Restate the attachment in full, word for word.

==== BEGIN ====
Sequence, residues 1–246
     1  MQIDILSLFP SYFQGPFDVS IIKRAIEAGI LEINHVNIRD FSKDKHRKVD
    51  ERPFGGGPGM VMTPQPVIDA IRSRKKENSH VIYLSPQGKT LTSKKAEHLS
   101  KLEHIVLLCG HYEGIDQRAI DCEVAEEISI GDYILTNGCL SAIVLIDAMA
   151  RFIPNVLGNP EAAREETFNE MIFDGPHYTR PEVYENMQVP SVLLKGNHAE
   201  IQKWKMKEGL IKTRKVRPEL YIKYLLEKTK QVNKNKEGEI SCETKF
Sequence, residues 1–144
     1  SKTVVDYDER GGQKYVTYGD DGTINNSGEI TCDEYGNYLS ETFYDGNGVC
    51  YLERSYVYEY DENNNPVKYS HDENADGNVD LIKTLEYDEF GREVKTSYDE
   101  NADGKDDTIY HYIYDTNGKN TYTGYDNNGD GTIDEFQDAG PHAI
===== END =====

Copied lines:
Sequence, residues 1–246
     1  MQIDILSLFP SYFQGPFDVS IIKRAIEAGI LEINHVNIRD FSKDKHRKVD
    51  ERPFGGGPGM VMTPQPVIDA IRSRKKENSH VIYLSPQGKT LTSKKAEHLS
   101  KLEHIVLLCG HYEGIDQRAI DCEVAEEISI GDYILTNGCL SAIVLIDAMA
   151  RFIPNVLGNP EAAREETFNE MIFDGPHYTR PEVYENMQVP SVLLKGNHAE
   201  IQKWKMKEGL IKTRKVRPEL YIKYLLEKTK QVNKNKEGEI SCETKF
Sequence, residues 1–144
     1  SKTVVDYDER GGQKYVTYGD DGTINNSGEI TCDEYGNYLS ETFYDGNGVC
    51  YLERSYVYEY DENNNPVKYS HDENADGNVD LIKTLEYDEF GREVKTSYDE
   101  NADGKDDTIY HYIYDTNGKN TYTGYDNNGD GTIDEFQDAG PHAI